Conservatives Phyllis Schlafly and the Rev. Jerry Falwell charged that current Democratic child-care proposals would institute "a federal baby-sitting program'' that would become, in Ms. Schlafly's phrase, a "new bureaucracy of federal busybodies.''
They and other witnesses said Republicans should support an expansion of the current child-care tax credit, or another type of income-tax credit, which would include all children and allow parents to choose from among a number of types of day-care arrangement, including secular programs, programs offered by religious institutions, and care by relatives.
"Clearly, we're going to emphasize choice, we don't want to shut off church-based care,'' said Mr. Kasten during a meeting break. "This is an issue we didn't address in 1984.''
'Seize The Initiative'
On elementary and secondary education, Republicans said they would try to continue the agenda set by Mr. Bennett. Platform-committee members and witnesses lavished praise on the outgoing Secretary, and Mr. Bennett himself did not demur.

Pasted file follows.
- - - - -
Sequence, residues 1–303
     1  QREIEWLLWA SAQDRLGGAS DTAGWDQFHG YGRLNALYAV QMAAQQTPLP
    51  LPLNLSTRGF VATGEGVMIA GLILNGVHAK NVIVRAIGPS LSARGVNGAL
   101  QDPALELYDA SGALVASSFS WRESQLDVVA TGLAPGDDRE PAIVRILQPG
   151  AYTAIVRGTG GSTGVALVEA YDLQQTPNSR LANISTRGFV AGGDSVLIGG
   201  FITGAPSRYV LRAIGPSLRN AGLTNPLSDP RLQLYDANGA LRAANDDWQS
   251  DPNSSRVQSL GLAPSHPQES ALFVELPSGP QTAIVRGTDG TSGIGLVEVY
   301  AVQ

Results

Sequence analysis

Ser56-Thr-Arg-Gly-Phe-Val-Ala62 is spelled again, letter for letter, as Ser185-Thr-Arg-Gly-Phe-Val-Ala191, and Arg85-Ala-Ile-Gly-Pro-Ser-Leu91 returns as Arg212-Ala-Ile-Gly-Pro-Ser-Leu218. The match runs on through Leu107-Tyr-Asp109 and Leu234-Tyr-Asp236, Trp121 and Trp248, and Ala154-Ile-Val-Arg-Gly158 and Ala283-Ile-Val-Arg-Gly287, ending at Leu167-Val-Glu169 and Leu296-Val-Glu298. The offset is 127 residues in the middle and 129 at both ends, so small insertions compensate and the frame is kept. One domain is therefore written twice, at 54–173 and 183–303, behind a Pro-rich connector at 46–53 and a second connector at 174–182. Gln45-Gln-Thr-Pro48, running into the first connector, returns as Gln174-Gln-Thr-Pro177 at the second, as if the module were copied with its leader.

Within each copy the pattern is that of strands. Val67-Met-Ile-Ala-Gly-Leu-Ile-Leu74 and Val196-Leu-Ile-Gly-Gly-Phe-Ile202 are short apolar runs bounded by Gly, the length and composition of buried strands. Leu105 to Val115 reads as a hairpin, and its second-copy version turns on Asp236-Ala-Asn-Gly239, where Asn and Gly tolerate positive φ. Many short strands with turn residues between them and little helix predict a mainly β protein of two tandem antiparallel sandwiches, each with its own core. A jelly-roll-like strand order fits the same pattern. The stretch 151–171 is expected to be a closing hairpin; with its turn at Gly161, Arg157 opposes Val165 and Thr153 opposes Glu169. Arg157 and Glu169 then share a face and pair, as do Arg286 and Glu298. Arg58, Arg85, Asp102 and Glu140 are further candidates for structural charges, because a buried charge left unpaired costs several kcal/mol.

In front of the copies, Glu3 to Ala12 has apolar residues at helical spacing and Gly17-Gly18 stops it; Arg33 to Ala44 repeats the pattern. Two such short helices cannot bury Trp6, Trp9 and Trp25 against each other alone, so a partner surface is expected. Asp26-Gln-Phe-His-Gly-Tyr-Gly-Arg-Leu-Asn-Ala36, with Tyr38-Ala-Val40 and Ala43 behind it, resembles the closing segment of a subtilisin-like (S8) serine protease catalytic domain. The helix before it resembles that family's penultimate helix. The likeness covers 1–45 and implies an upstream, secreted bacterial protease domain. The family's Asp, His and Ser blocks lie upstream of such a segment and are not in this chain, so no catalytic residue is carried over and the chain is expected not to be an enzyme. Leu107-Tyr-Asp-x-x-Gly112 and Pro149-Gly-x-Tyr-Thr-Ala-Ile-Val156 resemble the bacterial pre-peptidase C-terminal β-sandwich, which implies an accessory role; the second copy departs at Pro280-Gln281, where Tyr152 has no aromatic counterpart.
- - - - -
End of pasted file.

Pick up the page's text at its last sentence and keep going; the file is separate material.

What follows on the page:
"We have, I think, helped change the terms of the national debate on education,'' he said. "We can do more to see to it that government policies in general focus on what is fundamental, on 'what works.'''
Mr. Bennett said the party should "seize the initiative, and advance a vigorous social and political agenda based on time-honored values.''
Other speakers, including Connie Hubbell, a member of the Kansas Board of Education and a board member of the National Association of State Boards of Education, asked the party to support "strong leadership'' in appointing a new education secretary.
But Gordon Heaton, president of the Colorado Education Association, an affiliate of the N.E.A., urged the party to "renew a commitment to public education.''
"The answer to our economic and educational needs is not prayers, platitudes, and private schools,'' he said.
The platform-drafting process will continue through the nominating conventions. The Republicans will hold a forum on economic growth in Los Angeles on June 30, and delegates will spend the first week of the convention in New Orleans meeting in committees and holding a final hearing on the platform.
The Democrats held conferences late last week in Detroit and Columbus, Ohio, on economic policy and the family, respectively. State Democratic committees also held platform hearings last month.
Between June 10 and 12, a 15-member committee will meet to draft the platform, which will then be presented to the delegates for approval.